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  1. Steve,
    Very relevent article for me.
    I am upgrading my whole house and am looking into a two zone music radio system for the ground floor.

    I have been looking at Linn equipment including their hard drive system – all rather expensive for simple background music listening.

    I have in my home office the latest and largest i-Mac with i-tunes already on it.
    Can you please advise how I can link the i-Mac to speakers in the two zones and enable me to utilise i-tunes as you are doing?

    Do you know which hi fi kit will work best with Mac?

    I too have enough cd’s so if I have to I will miss the new ‘super’ system out altogether in this liftime!

    Ken Allen

  2. I think you are making a valid point in your article ‘Music is becoming a racket’.
    Traditional activities of the music industry are being squeezed out of existence by a variety of market pressures. I have been made redundant today by an artist management company which has been the focus of my career for over three years. However, as any music manager will tell you, when the artists aren’t earning, you’re not earning. Music companies, particularly those operating in the independent sector, must diversify to stay afloat these days. It’s not that there are less bands out there to manage, but that fewer of them are being signed to anything approximating a deal from which band and it’s managers can survive for longer than one record.

    Pressure on the majors to retain market share of record sales has had some extraordinary consequences over the past five years. On the one hand, more of their budget is spent developing short-lived pop acts which, in the case of Popstars, form a part not of the music industry, but of the wider entertainment industry – this is not about aiming to nuture bands that will be cherished by people for years over the course of several albums, but about selling the maximum amount of product while the TV marketed ‘star’ remains in the public’s awareness. On the other hand, record companies have felt the pressure from an ever-growing computer game and now DVD market, which they say eats away at kids’ pocket money which would otherwise be spent on music.

    In order to be competitive, record companies are ultimately having to sacrifice art for entertainment, lond term development for swift sure-fire hits, all of which leads to smaller pool of artists with any real money behind them. This is bad for all other parts of the industry: managers, pr companies, booking agents … And this is where your own article gains it’s poignancy. Record companies, especially majors, have been extremely slow to latch on to and embrace the internet and computer technology as means of acquiring and listening to music. In the early days of the boom, when thousands of music-related sites could be found on the web, majors didn’t even have homepages. Check today and Universal music do not have an active homepage for their UK branch. They have been slow at investing in methods of charging for and handling music downloads, despite the massive attraction of file exchange site such as Napster & KaZaA. They say they’re waiting to get things right. Instead, as the Super Audio CD and anti-copying encryption developments show, these companies have only sought to protect their copyrights and their margins. This is hardly indicative of an industry embracing the new technology and practices that you speak of in your article, methods of gaining access to the sublime that I and my friends regularly use.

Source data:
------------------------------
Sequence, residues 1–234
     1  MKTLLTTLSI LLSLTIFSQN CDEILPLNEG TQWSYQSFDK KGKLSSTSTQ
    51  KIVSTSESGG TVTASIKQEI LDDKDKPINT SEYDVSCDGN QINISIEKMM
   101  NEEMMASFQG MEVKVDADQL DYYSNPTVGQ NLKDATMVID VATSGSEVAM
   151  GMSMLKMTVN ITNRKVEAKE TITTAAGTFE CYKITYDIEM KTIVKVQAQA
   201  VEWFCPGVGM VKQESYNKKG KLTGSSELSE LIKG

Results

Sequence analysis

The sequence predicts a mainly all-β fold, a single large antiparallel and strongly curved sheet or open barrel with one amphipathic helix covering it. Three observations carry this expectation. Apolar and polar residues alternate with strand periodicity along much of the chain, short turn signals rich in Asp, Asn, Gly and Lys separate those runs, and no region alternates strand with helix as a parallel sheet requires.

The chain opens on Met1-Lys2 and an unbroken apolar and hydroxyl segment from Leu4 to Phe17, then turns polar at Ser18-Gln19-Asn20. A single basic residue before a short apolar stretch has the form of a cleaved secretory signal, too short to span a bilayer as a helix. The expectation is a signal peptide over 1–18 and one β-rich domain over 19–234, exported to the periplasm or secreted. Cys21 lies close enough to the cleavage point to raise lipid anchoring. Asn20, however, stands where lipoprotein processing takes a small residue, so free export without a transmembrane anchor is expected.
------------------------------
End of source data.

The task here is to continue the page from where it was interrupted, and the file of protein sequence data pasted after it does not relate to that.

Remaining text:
I shall now be concentrating on my own business Bambola Recordings which as well as releasing records, is engaged in celebrating and promoting the various artistic endeavours of electronic musicians and graphic designers in both the UK, Japan and beyond.